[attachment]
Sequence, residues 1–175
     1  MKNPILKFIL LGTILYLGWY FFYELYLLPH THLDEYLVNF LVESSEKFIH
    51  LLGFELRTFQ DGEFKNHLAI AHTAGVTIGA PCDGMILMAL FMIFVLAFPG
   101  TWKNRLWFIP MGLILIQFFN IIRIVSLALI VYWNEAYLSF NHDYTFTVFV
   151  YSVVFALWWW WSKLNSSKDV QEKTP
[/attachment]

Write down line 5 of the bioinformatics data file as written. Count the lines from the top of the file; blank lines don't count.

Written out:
   151  YSVVFALWWW WSKLNSSKDV QEKTP